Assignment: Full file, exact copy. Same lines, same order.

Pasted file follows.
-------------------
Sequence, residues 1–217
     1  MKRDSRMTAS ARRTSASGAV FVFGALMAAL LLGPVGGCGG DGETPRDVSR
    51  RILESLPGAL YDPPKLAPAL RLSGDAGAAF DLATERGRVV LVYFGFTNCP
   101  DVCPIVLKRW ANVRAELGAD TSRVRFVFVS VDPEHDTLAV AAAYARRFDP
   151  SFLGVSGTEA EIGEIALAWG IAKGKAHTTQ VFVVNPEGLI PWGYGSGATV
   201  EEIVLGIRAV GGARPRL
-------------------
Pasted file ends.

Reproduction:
Sequence, residues 1–217
     1  MKRDSRMTAS ARRTSASGAV FVFGALMAAL LLGPVGGCGG DGETPRDVSR
    51  RILESLPGAL YDPPKLAPAL RLSGDAGAAF DLATERGRVV LVYFGFTNCP
   101  DVCPIVLKRW ANVRAELGAD TSRVRFVFVS VDPEHDTLAV AAAYARRFDP
   151  SFLGVSGTEA EIGEIALAWG IAKGKAHTTQ VFVVNPEGLI PWGYGSGATV
   201  EEIVLGIRAV GGARPRL